Most foreign companies accepted the deal, which arguably was the better option for both parties in each deal. But there is clearly something unseemly about the domestic industry extorting large sums of money from foreign shrimp producers under threat of burying them in heavy legal costs and the uncertainty associated with the Commerce Department’s calculating new antidumping rates. There is also something ominous about the relative ease with which the petitioners’ bar was able to effectively sell access to the U.S. market and split the proceeds with U.S. companies.
Although the Byrd Amendment was found in violation of the ADA and will cease to operate next year, the petitioners’ lawyers seem to have concocted a model for effectively resurrecting Byrd. With this success under their belts, petitioners’ lawyers have a new way to market antidumping actions to their current and prospective clients. This strategy, in conjunction with threshold‐lowering legislation like Rep. English’s, points to an increase in antidumping use in the future.
Although antidumping initiations have declined in recent years and structural changes in the world economy should curtail the conditions that traditionally have inspired antidumping cases, efforts are underway to make the law more accessible and more attractive to protection‐seeking U.S. industries. If legislation like the Trade Law Reform Act of 2006 becomes law, it will change the analysis industries conduct when considering trade actions, weighing more heavily in favor of bringing more antidumping suits. And if settlements like those that prevailed in the shrimp case fly under the radar and fail to raise legal and ethical questions, antidumping will be marketable as a revenue‐generating scheme and pitched with success to industries otherwise disinclined to bring such actions.
The shelving of the Doha Round is a serious setback for antidumping reform. Without significant changes to curtail the abuse of the antidumping law, sympathetic lawmakers and petitioners’ lawyers are more likely to succeed at broadening the protectionist impact of the antidumping law.
1 World Trade Organization; data compiled from table titled “AD Initiations by Reporting Member from 01/01/95 to 31/12/05,” available at http://www.wto.org/english/tratop_e/adp_e/adp_stattab2_e.xls.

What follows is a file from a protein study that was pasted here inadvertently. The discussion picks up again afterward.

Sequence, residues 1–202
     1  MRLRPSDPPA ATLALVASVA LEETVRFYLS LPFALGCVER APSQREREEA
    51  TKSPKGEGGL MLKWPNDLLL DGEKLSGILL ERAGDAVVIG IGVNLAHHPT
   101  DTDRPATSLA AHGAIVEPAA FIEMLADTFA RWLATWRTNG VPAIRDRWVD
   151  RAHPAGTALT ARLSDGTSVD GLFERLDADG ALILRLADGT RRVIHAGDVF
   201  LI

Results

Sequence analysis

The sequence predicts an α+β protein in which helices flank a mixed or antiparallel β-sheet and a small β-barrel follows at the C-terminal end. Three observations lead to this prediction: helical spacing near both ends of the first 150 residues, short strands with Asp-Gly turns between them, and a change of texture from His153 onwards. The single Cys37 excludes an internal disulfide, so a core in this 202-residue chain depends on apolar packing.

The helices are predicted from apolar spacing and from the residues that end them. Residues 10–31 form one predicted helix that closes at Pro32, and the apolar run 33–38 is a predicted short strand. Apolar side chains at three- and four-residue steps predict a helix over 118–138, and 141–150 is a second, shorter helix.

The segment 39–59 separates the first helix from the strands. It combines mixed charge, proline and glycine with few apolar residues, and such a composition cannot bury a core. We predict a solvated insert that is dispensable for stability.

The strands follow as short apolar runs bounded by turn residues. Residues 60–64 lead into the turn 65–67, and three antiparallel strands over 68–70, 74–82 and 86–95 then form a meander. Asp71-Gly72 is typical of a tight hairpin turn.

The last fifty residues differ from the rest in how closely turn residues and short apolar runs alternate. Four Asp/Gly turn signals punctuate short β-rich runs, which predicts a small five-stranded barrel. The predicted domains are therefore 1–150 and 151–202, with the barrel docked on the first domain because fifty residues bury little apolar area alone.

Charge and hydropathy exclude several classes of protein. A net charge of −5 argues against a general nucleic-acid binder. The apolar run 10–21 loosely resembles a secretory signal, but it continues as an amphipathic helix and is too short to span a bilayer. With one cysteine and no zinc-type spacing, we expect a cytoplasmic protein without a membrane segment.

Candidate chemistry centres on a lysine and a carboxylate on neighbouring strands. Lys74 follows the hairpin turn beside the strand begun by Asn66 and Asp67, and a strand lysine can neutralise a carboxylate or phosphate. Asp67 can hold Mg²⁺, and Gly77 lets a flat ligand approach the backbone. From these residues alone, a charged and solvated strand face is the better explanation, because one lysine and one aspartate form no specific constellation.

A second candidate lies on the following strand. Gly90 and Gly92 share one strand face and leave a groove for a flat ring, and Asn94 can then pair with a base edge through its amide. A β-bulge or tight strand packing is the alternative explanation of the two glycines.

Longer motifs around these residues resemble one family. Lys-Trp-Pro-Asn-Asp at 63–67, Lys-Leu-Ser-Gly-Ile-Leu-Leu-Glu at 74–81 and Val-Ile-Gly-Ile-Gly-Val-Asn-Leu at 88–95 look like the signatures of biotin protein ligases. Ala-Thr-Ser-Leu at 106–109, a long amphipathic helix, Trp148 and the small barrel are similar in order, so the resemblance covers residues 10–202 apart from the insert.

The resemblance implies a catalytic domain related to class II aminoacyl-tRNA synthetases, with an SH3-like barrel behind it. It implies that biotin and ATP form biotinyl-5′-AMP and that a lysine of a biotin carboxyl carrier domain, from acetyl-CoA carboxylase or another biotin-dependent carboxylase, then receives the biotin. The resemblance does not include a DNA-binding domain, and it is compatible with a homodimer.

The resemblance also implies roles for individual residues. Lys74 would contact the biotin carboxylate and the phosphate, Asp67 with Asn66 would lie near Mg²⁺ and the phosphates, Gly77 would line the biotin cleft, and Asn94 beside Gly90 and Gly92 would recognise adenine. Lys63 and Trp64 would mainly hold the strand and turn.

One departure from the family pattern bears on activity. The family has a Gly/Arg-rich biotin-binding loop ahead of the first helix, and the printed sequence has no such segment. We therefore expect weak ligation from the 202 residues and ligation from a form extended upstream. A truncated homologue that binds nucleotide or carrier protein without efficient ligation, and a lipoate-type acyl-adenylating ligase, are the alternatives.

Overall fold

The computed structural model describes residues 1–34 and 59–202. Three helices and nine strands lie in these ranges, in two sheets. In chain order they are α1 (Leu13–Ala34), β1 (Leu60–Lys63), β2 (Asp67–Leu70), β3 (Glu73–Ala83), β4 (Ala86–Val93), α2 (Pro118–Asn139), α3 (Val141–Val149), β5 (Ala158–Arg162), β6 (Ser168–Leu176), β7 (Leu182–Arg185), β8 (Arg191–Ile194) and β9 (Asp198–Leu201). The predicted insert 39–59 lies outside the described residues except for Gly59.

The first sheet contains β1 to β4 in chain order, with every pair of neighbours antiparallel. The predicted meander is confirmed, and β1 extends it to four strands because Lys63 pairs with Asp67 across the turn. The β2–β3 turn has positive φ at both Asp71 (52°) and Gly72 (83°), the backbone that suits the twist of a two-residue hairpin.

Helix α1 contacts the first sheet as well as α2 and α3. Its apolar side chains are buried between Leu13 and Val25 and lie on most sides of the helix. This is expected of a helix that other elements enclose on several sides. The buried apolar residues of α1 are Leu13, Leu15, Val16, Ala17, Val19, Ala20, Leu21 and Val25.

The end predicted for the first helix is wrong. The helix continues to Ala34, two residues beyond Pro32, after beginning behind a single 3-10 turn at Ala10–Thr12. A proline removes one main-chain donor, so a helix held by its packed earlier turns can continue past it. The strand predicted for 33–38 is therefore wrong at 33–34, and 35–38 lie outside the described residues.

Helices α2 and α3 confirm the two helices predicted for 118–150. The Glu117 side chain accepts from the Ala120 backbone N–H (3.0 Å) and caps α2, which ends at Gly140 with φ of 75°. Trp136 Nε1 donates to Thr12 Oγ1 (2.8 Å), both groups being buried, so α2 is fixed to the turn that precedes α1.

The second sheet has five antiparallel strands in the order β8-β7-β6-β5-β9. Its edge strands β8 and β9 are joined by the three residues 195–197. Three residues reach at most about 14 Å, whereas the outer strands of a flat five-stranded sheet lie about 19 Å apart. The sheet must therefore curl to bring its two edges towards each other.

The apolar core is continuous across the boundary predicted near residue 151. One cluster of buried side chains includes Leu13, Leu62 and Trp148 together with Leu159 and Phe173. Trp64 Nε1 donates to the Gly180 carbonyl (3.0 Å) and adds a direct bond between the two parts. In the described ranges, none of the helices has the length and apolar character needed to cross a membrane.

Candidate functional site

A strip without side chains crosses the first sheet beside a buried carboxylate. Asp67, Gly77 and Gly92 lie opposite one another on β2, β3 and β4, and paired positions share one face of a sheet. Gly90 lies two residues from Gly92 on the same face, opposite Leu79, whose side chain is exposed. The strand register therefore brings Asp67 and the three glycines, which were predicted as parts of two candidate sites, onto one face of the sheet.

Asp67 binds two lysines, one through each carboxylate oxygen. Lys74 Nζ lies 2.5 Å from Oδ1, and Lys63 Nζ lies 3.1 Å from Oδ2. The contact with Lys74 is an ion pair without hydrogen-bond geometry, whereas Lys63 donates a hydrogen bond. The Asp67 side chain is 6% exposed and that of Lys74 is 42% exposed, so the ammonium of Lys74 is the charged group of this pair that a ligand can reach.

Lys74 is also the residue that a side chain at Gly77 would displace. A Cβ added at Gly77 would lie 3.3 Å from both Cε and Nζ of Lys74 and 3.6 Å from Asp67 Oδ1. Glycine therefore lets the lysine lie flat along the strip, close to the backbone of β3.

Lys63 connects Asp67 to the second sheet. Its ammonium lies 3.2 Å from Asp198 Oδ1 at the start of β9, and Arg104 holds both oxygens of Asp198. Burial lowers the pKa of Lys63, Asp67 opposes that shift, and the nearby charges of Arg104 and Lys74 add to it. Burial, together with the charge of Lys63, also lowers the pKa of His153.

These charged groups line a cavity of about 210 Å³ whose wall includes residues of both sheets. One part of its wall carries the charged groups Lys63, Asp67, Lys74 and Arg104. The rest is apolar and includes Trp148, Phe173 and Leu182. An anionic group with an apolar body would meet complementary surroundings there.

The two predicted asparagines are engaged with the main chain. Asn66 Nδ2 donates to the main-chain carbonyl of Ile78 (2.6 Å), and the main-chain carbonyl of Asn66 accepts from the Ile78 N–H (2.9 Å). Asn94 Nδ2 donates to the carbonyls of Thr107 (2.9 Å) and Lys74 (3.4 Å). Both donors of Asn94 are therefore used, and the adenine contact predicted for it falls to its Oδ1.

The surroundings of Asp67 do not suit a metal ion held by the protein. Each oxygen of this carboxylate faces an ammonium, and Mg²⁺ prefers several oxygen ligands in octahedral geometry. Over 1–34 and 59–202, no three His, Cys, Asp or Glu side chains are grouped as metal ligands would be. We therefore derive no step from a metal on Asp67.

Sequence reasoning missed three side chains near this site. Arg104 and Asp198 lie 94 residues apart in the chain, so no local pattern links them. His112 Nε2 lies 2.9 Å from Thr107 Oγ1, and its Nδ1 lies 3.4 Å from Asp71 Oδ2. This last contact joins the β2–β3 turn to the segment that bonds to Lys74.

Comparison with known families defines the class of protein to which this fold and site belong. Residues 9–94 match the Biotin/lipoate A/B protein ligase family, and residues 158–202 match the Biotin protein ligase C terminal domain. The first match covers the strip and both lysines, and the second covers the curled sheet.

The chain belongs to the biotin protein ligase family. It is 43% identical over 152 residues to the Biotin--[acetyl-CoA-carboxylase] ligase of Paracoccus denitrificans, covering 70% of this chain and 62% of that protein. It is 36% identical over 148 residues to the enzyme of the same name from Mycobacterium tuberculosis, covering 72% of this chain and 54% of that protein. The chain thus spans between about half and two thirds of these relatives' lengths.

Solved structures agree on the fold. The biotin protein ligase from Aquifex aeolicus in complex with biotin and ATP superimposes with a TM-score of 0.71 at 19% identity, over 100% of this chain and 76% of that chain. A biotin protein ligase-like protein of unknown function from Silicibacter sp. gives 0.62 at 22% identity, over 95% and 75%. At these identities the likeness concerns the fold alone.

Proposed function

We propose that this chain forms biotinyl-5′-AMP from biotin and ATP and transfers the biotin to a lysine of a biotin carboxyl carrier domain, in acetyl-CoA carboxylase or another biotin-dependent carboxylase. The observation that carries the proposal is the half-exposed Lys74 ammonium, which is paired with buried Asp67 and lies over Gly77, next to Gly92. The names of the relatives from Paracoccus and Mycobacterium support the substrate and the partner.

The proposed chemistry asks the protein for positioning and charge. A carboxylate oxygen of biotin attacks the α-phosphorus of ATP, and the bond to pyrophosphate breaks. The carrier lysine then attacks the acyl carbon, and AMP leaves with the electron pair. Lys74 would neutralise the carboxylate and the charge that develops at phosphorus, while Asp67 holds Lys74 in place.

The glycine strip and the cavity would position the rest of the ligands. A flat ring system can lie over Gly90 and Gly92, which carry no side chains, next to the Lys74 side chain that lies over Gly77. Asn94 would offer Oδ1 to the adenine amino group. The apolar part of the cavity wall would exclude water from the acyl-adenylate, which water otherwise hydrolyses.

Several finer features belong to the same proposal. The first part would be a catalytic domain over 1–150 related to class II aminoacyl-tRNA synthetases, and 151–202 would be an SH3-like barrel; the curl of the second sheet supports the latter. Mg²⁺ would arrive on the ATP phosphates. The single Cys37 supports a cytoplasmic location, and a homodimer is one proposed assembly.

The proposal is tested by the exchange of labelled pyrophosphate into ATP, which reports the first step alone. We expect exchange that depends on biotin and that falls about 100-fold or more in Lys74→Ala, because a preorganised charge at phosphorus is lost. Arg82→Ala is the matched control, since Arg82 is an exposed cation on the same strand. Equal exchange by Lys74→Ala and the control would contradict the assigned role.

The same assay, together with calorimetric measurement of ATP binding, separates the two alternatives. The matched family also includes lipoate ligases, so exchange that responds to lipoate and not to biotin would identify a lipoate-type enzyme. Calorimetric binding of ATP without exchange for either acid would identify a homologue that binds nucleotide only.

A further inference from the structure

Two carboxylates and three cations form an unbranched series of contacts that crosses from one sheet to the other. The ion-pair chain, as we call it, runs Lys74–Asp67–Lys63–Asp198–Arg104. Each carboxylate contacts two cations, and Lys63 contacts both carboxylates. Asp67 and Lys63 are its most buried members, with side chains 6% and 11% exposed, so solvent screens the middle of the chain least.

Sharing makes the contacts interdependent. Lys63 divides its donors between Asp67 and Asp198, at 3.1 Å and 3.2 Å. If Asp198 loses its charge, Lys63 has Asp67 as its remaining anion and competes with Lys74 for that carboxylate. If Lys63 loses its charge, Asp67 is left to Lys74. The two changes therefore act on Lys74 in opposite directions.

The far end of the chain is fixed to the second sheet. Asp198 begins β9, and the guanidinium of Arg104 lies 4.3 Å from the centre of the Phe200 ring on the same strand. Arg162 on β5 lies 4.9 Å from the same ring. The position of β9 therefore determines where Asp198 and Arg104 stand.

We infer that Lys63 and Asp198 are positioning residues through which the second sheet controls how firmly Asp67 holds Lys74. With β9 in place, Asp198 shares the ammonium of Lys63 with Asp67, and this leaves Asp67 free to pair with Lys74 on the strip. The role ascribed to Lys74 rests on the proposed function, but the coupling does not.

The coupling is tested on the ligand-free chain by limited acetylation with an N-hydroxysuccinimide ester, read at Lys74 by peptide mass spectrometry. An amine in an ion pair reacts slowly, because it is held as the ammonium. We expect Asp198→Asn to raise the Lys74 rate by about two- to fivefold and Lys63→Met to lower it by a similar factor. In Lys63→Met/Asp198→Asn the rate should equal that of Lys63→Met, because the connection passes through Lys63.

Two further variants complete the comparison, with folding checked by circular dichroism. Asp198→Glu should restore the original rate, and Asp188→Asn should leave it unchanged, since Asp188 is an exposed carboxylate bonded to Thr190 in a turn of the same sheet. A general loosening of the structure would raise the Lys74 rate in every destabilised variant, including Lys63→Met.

2 World Trade Organization; data compiled from table titled“AD Sectoral: Distribution of Initiations by Reporting Member from 01/01/95 to 31/12/05,” available at http://www.wto.org/english/tratop_e/adp_e/adp_stattab12_e.xls.
3 U.S. Department of Commerce, Import Administration, “Antidumping and Countervailing Duty Initiations: January 1, 2000 to Current,” available at http://ia.ita.doc.gov/stats/inv-initiations-2000–2005.html.
4 Doug Cameron, “Wariness Remains As Sector Finds New Rhythm,” Financial Times, June 14, 2006. For a detailed discussion of some of the legitimate explanations for price discriminating and selling below cost, see Brink Lindsey, “The U.S. Antidumping Law: Rhetoric versus Reality,” Cato Institute Trade Policy Analysis no. 7, August 16, 1999.
5 For a detailed discussion of the Commerce Department’s antidumping calculation methodologies, see Brink Lindsey and Dan Ikenson, “Antidumping 101: The Devilish Details of ‘Unfair Trade’ Law,” Cato Institute Trade Policy Analysis no. 20, November 26, 2002.
6 For a detailed discussion of the Commerce Department’s antidumping calculation methodologies, see Brink Lindsey and Dan Ikenson, “Antidumping 101: The Devilish Details of ‘Unfair Trade’ Law,” Cato Institute Trade Policy Analysis no. 20, November 26, 2002.
7 Gerald Metals, Inc. v. The United States, et al., United States Court of Appeals for the Federal Circuit (97–1077) (1997).
9 For further elaboration of the practice known as zeroing, see Dan Ikenson, “Zeroing In: Antidumping’s Flawed Methodology under Fire,” Cato Institute Free Trade Bulletin no. 11, April 27, 2004.
10 For a brief history of the Byrd Amendment, see Dan Ikenson, “ ‘Byrdening’ Relations: U.S. Trade Policies Continue to Flout the Rules,” Cato Institute Free Trade Bulletin no. 5, January 13, 2004.